Focus can move to a return date once Rugby Australia's (RA) short-term player pay deal is finalised as expected on Monday.
It's understood players will be asked to take up to 65 per cent pay cuts to match RA boss Raelene Castle's salary reduction as the code strips back to survive the impact of coronavirus.
The formal discussions between RA and the Rugby Union Players' Association (RUPA) have stretched beyond two weeks, with the broader playing base consulted over the weekend as a deal neared.
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Rugby will be among the last Australian codes to finalise its player pay cuts, with the NRL and AFL settling on 71 and 50 per cent sacrifices in deals struck several weeks ago.
The NBL, not due to start until October, announced on Friday its highest earners will suffer up to 50 per cent hits in a policy set to be revisited in three months.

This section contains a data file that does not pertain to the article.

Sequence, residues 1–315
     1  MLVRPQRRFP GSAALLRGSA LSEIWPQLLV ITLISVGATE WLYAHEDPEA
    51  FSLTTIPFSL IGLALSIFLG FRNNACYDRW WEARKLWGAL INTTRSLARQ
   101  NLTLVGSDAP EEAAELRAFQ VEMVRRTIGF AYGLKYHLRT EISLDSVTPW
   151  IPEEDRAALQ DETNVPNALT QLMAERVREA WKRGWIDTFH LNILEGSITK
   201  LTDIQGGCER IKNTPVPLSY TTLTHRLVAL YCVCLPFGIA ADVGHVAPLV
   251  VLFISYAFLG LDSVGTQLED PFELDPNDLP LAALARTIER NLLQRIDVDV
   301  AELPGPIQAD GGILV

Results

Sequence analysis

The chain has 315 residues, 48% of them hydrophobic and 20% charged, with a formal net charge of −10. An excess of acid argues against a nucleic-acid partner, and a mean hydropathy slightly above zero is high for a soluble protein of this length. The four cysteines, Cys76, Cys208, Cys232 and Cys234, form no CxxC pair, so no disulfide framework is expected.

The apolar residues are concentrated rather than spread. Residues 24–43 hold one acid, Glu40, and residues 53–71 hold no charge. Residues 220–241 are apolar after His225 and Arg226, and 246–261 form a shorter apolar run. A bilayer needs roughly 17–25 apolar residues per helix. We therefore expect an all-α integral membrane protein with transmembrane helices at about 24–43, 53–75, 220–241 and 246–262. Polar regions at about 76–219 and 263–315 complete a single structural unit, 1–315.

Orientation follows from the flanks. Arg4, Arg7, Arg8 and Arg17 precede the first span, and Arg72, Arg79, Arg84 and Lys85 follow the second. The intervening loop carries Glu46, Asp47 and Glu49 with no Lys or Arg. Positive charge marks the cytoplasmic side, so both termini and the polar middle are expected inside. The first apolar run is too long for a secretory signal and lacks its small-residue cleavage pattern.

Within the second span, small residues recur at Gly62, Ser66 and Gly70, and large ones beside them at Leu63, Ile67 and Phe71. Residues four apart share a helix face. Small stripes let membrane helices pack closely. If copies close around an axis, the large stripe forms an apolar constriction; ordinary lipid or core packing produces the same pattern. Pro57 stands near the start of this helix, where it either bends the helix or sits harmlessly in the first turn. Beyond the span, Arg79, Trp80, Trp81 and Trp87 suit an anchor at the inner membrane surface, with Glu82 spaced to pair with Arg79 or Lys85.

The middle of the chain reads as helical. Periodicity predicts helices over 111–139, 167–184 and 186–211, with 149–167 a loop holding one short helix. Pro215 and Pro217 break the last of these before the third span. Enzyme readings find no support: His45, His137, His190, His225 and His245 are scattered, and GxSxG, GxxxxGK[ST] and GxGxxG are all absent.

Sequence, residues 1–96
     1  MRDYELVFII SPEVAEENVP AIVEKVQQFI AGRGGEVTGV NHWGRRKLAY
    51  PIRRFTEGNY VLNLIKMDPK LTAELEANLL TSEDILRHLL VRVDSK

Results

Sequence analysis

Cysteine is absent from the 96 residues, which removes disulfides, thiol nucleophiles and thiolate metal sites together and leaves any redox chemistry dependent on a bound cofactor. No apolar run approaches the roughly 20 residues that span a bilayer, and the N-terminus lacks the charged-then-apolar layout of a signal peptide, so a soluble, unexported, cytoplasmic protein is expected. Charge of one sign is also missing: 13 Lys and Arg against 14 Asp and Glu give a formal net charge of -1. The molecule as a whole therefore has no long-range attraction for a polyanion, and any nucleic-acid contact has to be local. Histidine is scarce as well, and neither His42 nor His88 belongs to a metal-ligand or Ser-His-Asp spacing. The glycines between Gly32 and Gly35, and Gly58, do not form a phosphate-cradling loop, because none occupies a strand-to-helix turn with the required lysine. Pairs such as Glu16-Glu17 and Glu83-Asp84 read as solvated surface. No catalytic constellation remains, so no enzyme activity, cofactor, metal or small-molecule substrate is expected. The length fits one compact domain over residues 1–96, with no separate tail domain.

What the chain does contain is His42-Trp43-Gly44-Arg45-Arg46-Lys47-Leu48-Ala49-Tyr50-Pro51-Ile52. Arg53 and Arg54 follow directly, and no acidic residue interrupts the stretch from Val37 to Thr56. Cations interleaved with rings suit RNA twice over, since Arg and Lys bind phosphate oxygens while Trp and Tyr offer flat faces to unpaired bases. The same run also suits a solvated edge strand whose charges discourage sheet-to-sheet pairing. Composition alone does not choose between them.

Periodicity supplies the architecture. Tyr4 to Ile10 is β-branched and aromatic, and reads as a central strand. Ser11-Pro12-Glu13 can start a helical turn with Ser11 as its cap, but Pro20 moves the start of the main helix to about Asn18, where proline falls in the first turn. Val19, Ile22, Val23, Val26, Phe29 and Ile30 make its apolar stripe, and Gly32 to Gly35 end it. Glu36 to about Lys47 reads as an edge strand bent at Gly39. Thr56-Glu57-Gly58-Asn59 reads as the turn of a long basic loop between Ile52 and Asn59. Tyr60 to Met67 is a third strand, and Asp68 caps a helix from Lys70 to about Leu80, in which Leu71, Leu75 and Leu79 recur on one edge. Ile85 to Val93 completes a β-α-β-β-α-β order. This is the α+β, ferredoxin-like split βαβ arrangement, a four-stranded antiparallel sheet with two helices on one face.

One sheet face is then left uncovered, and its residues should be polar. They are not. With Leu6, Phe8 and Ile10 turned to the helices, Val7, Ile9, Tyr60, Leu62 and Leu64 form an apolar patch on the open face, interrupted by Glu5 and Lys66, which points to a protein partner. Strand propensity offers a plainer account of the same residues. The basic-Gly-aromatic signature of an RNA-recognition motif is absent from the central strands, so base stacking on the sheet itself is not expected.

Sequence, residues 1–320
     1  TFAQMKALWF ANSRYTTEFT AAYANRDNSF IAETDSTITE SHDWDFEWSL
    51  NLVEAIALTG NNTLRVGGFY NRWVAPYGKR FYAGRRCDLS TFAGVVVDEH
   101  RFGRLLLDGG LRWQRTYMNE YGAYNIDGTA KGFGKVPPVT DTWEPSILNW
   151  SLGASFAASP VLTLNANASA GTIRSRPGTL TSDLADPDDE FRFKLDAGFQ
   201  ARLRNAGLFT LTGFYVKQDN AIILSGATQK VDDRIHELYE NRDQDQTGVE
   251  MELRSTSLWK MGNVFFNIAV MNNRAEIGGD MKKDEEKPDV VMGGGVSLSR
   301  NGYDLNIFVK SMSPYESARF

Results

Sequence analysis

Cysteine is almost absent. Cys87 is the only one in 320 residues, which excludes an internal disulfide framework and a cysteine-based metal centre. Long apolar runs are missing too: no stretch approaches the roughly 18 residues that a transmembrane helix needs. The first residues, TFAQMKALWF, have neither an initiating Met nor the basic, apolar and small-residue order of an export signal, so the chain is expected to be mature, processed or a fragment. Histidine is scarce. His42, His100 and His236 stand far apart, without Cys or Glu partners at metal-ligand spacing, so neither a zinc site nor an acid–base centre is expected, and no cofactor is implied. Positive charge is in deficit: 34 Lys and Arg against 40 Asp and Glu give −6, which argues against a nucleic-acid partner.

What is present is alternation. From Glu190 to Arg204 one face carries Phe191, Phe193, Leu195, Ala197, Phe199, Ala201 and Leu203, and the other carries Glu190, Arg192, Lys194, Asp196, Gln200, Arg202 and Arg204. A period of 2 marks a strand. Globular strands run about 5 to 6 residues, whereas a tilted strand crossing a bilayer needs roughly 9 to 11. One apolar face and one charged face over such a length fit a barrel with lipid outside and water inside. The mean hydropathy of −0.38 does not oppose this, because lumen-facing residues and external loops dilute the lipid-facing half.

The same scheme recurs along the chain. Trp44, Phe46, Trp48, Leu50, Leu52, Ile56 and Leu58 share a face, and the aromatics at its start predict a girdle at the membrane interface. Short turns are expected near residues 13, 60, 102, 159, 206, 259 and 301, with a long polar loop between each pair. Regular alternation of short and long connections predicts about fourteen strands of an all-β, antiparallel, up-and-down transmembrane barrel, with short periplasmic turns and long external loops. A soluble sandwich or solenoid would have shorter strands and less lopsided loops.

The pressure to finalise a deal has increased with World Rugby's announcement of a $158-million relief fund that will reportedly only be accessible once a pay deal is struck.
Three-quarters of Rugby Australia's staff have been stood down, with a projected revenue hit of $120 million if no Super Rugby or test matches are played this year.
A replacement five-team domestic competition set to include the Western Force was initially planned for an April 3 start before it was postponed until at least May 1.
The Wallabies are due to host Ireland in July, while there is hope a quick-fire Rugby Championship could be held in Australia later this year.
World Rugby chairman Bill Beaumont, who faces a challenge for his job from Argentine vice-chairman Agustin Pichot in an election later this month, said the sport's global unity meant an increased flexibility in scheduling.
"I think it's one of those situations where everyone is in it together," Beaumont told the BBC.
"I think there's a real spirit of collaboration between the north and the south.
"Look, what we can do with our playing windows? What can we do in the international windows that can generate more funds from another competition."